Study selection

A detailed flow diagram of the study selection process is shown in Fig. 1. The primary search identified 933 articles. After title and abstract screening, 65 potentially eligible studies were retrieved for full-text review. Of these, 26 were excluded: 21 did not meet the inclusion criteria; 3 were narrative reviews; and 2 were very old publications that could not be retrieved. Therefore, 39 studies were included in the systematic review: 19 animal models using androgen-induced stimulation [1028]; 9 which employed estrogens and estrogen-like drugs to induce a PCOS-like syndrome [27, 2936]; and 12 using other interventions [3748].

Fig. 1
figure 1

Animal models using androgen-induced stimulation

Table 1 summarizes the characteristics of the studies included in the systematic review that used androgens as the stimulus to induce a PCOS-like phenotype. Most of the studies used rodents (3 studied mice, 11 used rats) and 5 used monkeys as the experimental model. Table 1 also shows that androgen induction was applied at different periods in the reported studies: short-term (up to 30 days of androgen induction) [12, 19, 20, 26, 27]; medium-term (30 to 90 days) [10, 11, 1316, 21, 25]; and long-term (>90 days) [17, 2224]. In addition, interventions were applied to animals at distinct developmental stages, as described below.

Table 1 Animal models using androgen-induced stimulation

Five studies described prenatal interventions and observed the offspring at different periods of development [1013, 25]. Three of these studies used rats as the experimental model [1012], one utilized female mice [13], and another used rhesus macaques [25]. Wu et al. (2010) [10] and Yan et al. (2013) [12] used the Sprague–Dawley rat strain for medium- and short-term induction, respectively. Wu et al. (2010) [10] administered testosterone during gestation and dihydrotestosterone (DHT) through 70 days after birth and found elevated testosterone levels, but no ovarian changes. Yan et al. (2013) [12] administered DHT during gestation and found only cystic and atretic follicles. Caldwell et al. (2014) [13] administered DHT during gestation plus DHT or dehydroepiandrosterone (DHEA) as postnatal treatment in female mice, and observed cystic and atretic follicles only. Similar findings were reported by Tyndall et al. (2012) [11], who administered pre- and postnatal treatment with testosterone propionate for 25–90 days and observed cystic follicles as the only change. Finally, Abbott et al. (1998) [25] administered testosterone propionate for 15–88 days, starting at various gestational ages, and found consistent reproductive features similar to clinical PCOS in female rhesus macaque offspring, such as increased serum testosterone and LH levels, lower follicle stimulating hormone (FSH) levels, and ovaries containing multiples cystic follicles.

Eight studies described postnatal interventions and observed offspring at different periods of development. Seven of these studies used female rats [1518, 26, 27] and one used female mice [14]. While most studies used testosterone or DHT, only two studies administered DHEA to induce ovarian dysfunction [18, 28]. Misugi et al. (2006) [18] observed both cystic/atretic follicles and high testosterone levels in response to DHEA stimulation. Paixão et al. (2015) used a single equine chorionic gonadotropin (eCG) dose to induce initial follicular recruitment in prepubertal rats and added DHEA to generate ovarian dysfunction. These animals presented greater testosterone levels and higher number of, and larger-sized, primary and secondary follicles as compared with the control group [28].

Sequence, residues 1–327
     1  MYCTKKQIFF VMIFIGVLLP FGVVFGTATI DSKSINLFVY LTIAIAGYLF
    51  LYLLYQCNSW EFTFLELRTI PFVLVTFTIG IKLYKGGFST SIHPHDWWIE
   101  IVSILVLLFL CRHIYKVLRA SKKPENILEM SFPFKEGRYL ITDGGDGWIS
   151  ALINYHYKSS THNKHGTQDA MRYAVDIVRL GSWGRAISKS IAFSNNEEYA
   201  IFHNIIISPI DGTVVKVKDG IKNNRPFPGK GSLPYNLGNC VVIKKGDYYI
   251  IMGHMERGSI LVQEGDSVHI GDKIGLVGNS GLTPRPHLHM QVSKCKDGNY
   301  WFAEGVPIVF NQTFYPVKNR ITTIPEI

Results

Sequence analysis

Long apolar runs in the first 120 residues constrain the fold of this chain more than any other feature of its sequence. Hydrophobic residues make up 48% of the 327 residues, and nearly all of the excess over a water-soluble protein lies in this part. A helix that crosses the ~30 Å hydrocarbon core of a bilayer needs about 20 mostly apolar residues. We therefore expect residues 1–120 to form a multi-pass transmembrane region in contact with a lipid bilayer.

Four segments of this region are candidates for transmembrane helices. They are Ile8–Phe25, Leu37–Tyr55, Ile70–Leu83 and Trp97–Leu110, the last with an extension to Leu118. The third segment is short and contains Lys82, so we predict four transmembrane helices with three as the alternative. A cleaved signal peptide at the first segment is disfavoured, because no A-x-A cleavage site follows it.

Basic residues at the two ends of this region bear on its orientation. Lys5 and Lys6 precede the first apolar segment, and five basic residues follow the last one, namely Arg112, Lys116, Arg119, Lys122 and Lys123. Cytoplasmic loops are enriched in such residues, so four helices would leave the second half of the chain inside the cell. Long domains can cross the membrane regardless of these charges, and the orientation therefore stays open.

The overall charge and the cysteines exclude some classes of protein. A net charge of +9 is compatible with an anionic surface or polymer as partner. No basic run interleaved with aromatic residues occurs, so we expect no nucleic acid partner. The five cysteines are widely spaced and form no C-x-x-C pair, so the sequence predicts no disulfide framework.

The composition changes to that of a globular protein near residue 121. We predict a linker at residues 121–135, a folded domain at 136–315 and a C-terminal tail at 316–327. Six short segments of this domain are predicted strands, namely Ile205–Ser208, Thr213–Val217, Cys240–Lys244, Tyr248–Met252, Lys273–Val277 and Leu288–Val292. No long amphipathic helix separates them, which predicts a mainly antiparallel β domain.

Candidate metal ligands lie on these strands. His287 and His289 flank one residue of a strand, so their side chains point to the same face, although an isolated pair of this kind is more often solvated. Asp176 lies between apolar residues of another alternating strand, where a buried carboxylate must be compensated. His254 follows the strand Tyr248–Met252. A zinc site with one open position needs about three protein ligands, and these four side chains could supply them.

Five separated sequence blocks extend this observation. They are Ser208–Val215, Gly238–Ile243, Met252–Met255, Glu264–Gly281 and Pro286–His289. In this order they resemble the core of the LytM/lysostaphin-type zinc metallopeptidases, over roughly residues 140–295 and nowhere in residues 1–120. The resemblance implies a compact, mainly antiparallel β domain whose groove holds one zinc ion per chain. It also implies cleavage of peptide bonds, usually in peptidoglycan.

Ota et al. (1983) [17] also found cystic follicles and elevated testosterone levels after administration of testosterone propionate injections to Wistar rats. Ongaro et al. (2015) [26] administered a single dose of testosterone propionate to 5-day-old female Sprague–Dawley rats, and found no differences in testosterone or estradiol levels at 30 and 60 days. Cystic follicles were observed only in 60-day-old animals. Marcondes et al. (2015) [27] administered a single dose of testosterone propionate to 0-to-2-day-old female Wistar rats. Increased testosterone levels, cystic follicles, and absence of corpora lutea were found at 90–94 days of age. Manneras et al. (2007) [16] administered DHT to the same rat strain and found cystic follicles, but no testosterone changes. Unlike Ota et al. (1983) [17], who conducted a long-term intervention, the study by Manneras et al. (2007) [16] had a medium-term observation period. Both Zhai et al. (2012) [15] and van Houten et al. (2012) [14] also conducted experiments of intermediate duration. These two studies found cystic follicles and increased androgen levels, despite using different animals and different types of androgens as intervention. While van Houten et al. (2012) [14] observed female mice under DHT treatment, Zhai et al. (2012) [15] studied female Sprague–Dawley rats receiving testosterone plus a high-fat diet.

Two studies described postnatal interventions and observed the offspring at different periods of development [19, 20]. In these studies, DHEA was administered for 20 days to female mice [19] and to female rats [20]. One study did not find any changes [20], whereas the other reported cystic follicles and increased testosterone levels [19].